Affiliation: Gillings School of Global Public Health, Department of Nutrition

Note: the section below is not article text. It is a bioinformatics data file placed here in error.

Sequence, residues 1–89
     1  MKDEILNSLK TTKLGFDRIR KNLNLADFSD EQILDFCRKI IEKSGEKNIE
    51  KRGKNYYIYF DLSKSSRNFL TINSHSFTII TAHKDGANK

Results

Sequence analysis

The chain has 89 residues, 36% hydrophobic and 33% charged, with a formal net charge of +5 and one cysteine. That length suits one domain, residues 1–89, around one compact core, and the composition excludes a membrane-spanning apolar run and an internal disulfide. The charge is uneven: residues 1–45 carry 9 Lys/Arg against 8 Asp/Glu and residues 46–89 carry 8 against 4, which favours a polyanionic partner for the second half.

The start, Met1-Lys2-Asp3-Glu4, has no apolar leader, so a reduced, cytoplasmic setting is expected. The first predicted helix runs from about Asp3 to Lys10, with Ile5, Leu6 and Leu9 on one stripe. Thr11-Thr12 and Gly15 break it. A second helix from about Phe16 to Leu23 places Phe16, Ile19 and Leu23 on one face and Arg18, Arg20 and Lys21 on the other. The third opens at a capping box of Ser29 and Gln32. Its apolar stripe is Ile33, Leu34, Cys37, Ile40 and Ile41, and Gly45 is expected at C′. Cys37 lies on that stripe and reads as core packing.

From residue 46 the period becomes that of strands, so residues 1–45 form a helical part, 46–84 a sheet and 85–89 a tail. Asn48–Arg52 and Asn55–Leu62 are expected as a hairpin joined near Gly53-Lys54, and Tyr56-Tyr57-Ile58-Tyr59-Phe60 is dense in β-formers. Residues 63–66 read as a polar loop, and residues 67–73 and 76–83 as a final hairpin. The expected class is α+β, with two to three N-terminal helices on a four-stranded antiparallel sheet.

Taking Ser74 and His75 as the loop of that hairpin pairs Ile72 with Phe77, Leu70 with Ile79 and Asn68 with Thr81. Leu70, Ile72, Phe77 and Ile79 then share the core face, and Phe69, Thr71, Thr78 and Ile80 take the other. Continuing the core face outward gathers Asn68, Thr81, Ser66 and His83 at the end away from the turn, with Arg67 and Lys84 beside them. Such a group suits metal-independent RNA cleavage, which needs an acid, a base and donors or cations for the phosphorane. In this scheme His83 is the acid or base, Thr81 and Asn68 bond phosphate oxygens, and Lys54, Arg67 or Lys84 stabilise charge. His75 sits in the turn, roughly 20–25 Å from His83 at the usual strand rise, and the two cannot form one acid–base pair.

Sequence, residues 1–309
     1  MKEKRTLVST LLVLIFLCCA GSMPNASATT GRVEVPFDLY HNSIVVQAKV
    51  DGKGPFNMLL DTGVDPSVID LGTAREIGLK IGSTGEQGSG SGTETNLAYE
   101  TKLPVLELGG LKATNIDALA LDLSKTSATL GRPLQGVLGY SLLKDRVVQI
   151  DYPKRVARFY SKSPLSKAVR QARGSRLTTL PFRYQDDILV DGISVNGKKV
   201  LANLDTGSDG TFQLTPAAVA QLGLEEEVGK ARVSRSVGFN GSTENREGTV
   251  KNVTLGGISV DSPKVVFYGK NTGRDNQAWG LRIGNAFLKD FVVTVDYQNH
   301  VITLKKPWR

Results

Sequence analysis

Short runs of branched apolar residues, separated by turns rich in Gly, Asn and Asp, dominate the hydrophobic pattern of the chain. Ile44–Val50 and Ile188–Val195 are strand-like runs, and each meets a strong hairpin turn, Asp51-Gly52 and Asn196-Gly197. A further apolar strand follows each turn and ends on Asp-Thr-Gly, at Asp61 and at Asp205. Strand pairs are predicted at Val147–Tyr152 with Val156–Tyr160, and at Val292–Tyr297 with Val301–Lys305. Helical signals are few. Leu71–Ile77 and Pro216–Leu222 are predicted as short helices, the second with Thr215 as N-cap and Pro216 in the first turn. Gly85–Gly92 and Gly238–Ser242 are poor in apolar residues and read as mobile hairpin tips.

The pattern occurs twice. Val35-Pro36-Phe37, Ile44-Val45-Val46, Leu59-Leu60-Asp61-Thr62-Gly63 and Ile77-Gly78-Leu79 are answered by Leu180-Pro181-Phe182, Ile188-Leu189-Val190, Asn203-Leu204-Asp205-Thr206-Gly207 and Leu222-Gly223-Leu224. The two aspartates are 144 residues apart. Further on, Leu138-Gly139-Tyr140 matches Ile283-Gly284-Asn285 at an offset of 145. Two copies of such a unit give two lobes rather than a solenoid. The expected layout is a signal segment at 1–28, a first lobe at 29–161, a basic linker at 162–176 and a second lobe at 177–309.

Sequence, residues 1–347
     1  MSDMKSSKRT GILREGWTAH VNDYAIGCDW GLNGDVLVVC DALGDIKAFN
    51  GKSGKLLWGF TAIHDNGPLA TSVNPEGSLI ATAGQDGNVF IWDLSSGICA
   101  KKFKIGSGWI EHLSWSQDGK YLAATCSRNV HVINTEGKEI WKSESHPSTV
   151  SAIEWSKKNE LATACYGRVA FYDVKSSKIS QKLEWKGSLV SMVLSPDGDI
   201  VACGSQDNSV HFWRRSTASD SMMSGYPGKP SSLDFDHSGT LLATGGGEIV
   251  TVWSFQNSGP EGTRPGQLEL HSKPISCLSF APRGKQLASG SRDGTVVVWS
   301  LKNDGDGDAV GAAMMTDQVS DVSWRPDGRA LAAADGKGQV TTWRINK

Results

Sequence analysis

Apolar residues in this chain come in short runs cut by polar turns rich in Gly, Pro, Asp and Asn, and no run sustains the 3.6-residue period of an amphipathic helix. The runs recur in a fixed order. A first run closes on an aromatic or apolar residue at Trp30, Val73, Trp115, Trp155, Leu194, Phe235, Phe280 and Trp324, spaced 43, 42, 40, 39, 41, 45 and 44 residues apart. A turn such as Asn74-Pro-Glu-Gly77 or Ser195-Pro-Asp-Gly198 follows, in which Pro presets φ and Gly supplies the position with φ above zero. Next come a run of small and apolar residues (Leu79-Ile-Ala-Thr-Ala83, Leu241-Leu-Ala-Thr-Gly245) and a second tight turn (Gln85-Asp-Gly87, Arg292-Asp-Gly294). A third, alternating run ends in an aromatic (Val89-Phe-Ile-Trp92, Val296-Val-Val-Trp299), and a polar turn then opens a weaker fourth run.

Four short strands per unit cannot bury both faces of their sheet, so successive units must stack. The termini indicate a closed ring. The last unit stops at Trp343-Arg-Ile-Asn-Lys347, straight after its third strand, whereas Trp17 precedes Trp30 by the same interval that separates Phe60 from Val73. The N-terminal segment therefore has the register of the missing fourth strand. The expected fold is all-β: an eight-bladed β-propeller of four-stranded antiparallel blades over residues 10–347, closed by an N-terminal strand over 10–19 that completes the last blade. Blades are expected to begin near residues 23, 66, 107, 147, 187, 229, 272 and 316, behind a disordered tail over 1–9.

Many Americans take stimulant medications daily to manage conditions such as Attention Deficit Hyperactivity Disorder, depression, and narcolepsy. One common side effect is weight loss. Studies have shown reductions in patient body weight by as much as 10% in the first six months of stimulant treatment (Goldfield). Though many studies have observed this pattern, few have evaluated interventions to prevent it. This may be in part because in the United States, weight loss is almost always regarded as a positive outcome. Unfortunately, the reality is that some patients rely on stimulant medication to function, yet can become malnourished as a result. This paper will investigate the literature for mechanisms of that weight loss and strategies to prevent it.